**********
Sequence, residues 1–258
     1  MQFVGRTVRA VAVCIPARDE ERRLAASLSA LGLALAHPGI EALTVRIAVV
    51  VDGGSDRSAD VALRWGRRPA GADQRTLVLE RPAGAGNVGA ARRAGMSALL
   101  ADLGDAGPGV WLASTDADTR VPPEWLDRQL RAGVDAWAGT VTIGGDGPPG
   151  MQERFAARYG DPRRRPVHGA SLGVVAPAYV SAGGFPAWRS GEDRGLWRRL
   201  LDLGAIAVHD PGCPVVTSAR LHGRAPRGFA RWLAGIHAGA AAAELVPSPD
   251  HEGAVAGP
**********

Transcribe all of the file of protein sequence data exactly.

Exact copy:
Sequence, residues 1–258
     1  MQFVGRTVRA VAVCIPARDE ERRLAASLSA LGLALAHPGI EALTVRIAVV
    51  VDGGSDRSAD VALRWGRRPA GADQRTLVLE RPAGAGNVGA ARRAGMSALL
   101  ADLGDAGPGV WLASTDADTR VPPEWLDRQL RAGVDAWAGT VTIGGDGPPG
   151  MQERFAARYG DPRRRPVHGA SLGVVAPAYV SAGGFPAWRS GEDRGLWRRL
   201  LDLGAIAVHD PGCPVVTSAR LHGRAPRGFA RWLAGIHAGA AAAELVPSPD
   251  HEGAVAGP